Speaking at the annual conference of professional body Nagalro, reports suggest that the judge insisted that there had been “no missive from on high” in relation to the 26 week timetable and said it might be achievable in two years time. He was speaking in response to reports that some courts have already begun to impose the timetable in a rigid way, even when this impedes a just solution for families and children.
The 26 week timetable was a key proposal in Mr Justice Ryder’s Judicial Proposals for the Modernisation of Family Justice, published in July. This set out:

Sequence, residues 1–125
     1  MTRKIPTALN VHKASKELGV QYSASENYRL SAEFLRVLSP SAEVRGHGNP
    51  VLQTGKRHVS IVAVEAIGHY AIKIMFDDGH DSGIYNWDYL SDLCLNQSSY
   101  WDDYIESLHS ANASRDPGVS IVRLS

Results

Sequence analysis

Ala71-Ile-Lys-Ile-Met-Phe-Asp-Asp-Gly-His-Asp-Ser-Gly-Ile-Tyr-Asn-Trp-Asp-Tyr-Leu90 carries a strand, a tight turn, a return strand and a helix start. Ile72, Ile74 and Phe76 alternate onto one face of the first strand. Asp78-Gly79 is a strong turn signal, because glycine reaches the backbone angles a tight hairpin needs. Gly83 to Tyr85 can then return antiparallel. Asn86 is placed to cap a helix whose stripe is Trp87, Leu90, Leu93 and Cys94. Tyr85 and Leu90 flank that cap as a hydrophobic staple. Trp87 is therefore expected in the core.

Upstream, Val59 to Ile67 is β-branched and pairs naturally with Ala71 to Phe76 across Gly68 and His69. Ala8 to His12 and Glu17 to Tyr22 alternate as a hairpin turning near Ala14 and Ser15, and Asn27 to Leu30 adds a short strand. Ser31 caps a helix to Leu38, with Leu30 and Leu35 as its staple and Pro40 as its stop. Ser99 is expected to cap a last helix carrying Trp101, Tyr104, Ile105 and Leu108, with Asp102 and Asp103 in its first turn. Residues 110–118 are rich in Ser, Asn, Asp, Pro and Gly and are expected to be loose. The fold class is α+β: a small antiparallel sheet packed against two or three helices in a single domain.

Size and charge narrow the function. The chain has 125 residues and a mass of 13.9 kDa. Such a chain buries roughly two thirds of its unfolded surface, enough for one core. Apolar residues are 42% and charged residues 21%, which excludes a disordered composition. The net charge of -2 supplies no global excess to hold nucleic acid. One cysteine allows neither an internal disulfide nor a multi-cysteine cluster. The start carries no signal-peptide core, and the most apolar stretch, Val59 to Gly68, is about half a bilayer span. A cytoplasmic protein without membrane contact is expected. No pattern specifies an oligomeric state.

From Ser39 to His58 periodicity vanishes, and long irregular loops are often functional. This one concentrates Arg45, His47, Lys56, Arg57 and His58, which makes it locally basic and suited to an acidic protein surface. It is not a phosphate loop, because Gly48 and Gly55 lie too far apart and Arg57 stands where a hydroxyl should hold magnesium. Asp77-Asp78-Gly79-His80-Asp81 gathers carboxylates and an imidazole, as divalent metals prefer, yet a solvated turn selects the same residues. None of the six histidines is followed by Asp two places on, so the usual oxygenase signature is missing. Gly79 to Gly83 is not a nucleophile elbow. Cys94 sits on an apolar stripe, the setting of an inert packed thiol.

“…a timetable track which will presume that nonexceptional cases can be completed in 26 weeks. These will be known as pathways and they will describe in permissory language how to achieve the objective i.e. making the best decision for the child within the welfare timetable set for the child.”
This report, however, does have the status of a practice direction , said Mr Justice Ryder, and in any case, early data suggested that the 26 weeks was only achievable in about 30 per cent of cases.